Transience

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  • Topic: World War I, Emotion, Rebellion
  • Pages : 2 (457 words )
  • Download(s) : 74
  • Published : April 17, 2013
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Transience by Freud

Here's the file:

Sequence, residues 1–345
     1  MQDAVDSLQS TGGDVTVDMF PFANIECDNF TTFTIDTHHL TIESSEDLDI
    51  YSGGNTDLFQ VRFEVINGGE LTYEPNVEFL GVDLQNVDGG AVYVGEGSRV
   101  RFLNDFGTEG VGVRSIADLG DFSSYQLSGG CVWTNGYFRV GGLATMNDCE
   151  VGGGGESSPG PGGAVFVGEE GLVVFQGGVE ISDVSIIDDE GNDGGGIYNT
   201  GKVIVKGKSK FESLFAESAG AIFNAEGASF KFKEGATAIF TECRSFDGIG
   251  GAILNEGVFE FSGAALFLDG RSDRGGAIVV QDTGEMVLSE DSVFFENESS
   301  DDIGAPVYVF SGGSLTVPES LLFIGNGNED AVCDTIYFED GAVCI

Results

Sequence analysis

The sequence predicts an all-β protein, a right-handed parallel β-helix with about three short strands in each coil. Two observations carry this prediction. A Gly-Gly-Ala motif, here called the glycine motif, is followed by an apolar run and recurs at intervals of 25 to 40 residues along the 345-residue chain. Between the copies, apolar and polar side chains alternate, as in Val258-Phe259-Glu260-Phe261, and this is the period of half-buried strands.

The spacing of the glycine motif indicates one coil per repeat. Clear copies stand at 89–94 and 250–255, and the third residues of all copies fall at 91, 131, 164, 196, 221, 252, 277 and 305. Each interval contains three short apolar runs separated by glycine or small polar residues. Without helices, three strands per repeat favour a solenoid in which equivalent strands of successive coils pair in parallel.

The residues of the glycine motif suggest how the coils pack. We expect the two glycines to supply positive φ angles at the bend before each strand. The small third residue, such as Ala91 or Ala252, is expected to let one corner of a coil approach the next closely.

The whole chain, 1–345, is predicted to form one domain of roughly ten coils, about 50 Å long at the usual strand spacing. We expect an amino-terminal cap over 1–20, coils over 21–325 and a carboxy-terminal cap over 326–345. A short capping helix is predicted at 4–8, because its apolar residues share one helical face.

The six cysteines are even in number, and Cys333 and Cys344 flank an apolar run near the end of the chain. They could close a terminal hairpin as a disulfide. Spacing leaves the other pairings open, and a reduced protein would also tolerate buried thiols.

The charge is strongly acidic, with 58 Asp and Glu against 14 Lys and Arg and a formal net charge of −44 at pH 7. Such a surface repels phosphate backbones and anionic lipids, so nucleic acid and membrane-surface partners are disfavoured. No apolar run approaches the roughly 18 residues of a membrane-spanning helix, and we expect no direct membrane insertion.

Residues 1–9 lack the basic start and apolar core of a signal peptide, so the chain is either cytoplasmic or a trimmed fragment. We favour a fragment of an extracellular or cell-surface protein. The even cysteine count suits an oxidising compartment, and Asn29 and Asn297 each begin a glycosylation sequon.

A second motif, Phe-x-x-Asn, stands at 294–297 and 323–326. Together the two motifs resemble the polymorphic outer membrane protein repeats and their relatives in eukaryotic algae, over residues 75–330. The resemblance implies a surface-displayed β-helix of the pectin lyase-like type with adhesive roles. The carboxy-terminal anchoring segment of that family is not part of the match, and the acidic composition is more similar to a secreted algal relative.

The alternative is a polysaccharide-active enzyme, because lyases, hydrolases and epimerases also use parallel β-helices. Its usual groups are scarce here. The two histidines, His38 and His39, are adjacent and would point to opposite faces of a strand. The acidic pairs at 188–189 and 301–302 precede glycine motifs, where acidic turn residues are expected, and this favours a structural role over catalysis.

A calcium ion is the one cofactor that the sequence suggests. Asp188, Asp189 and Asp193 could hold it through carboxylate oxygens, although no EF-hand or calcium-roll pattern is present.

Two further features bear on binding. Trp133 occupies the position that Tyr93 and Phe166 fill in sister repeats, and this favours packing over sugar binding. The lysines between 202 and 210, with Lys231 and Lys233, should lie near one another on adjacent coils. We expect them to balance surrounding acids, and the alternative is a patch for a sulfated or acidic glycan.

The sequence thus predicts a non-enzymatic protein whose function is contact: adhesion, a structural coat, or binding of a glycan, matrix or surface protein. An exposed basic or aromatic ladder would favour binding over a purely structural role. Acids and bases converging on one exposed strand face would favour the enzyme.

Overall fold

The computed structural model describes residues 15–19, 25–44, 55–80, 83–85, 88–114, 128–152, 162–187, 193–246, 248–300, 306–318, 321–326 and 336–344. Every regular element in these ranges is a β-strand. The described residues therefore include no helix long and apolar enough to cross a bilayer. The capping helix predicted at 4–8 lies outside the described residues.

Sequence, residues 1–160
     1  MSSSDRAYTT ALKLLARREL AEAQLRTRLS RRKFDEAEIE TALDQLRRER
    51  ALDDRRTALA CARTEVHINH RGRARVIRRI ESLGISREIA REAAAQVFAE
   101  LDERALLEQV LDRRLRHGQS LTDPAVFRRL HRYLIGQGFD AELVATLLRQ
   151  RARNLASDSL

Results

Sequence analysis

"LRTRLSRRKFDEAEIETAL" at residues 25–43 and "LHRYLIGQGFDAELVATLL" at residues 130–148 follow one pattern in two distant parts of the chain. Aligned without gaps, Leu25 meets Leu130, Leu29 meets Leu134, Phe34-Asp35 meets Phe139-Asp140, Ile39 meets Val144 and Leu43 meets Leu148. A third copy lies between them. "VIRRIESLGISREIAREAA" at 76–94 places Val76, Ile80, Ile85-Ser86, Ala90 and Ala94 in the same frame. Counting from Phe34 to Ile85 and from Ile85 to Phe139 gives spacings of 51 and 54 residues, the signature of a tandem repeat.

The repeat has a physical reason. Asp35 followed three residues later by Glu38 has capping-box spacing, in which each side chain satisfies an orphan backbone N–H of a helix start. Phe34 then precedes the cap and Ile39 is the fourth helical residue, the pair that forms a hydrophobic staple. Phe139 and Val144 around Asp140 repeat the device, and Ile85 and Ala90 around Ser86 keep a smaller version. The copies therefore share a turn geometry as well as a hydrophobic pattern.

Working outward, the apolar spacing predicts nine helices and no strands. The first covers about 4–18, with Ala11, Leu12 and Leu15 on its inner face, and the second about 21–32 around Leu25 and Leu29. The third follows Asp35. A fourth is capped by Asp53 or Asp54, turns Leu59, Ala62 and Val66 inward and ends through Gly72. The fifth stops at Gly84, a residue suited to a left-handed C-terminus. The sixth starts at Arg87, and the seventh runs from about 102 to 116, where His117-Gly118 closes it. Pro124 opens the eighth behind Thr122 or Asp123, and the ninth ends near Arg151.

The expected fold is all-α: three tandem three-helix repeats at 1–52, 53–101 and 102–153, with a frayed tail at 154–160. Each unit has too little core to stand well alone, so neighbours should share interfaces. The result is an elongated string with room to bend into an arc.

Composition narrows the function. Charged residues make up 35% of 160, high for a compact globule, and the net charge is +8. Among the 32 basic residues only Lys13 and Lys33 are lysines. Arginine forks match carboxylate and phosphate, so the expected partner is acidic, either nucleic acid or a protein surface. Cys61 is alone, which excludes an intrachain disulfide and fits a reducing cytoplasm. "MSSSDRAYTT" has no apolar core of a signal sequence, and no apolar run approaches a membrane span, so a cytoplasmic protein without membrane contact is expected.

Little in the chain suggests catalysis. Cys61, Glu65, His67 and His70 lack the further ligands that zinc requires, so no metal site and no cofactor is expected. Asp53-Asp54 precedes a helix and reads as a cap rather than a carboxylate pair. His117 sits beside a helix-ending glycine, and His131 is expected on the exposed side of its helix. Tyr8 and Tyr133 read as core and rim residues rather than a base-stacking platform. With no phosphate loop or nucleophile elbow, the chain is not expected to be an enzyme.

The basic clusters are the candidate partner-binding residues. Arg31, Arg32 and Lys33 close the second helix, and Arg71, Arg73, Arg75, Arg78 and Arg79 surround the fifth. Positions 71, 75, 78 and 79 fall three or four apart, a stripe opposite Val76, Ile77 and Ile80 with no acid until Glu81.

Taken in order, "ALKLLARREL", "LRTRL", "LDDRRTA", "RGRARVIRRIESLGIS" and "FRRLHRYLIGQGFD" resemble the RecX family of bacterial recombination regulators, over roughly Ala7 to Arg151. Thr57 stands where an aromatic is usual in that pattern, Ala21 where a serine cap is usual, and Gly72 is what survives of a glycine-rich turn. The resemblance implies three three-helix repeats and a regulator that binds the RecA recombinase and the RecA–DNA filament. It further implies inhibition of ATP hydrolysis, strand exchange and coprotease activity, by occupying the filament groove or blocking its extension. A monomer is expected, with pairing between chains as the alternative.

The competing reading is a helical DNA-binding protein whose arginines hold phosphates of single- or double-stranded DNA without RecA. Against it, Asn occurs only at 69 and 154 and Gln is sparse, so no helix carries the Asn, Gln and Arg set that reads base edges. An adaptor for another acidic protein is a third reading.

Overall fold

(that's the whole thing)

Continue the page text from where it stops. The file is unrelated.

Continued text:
In this text, Freud recalls a story that dates back to the years of the First World War, while on a countryside walk with some friends, one poet. This young poet then, stopped to admire the scenery, longing somehow what would remain of that beauty falling winter, and reflecting on the fate of the same: that beauty would disappear. All this beauty that could exist in the landscape, was overshadowed by the characteristic of the transient. Freud writes in this essay that this feeling may arise two moods: misanthropy or rebellion. Is, or pessimistic attitude of the poet, or rebel against the inadmissibility of the disappearance of things. The truth is that Freud discusses this poet position because Freud not believe something to be transient, lose their beauty, their courage, their symbolism. Moreover, says the opposite: that the transient has the less time value remains. Thus, Freud tested that possibility enjoyment restriction is precisely what makes the scenery even more enchanting. It refuses to understand how the transience of that landscape, blurring the pleasure of observing. That spring returns the following year in an eternal return. Now Freud says that as regards the human being, how beautiful it can be our body, our face, that we see it disappear in the same life cycle, but just that soon adds another attraction. What Freud trying to say here is that if you ever disappear most beautiful art forms in the world, and all living things on the planet disappears, the value of all that beauty alone would be determined by the significance that it would have for each. And that does not depend on length of eternal time. Freud, in this discussion and debate with friends, felt that what he said was not rebuttable, but judging by the null that had its reflection in the other two, he concluded that there was in them, something on the order of the affective , which prevented them from assessing the "enjoyment of beauty." Grieving the loss of...
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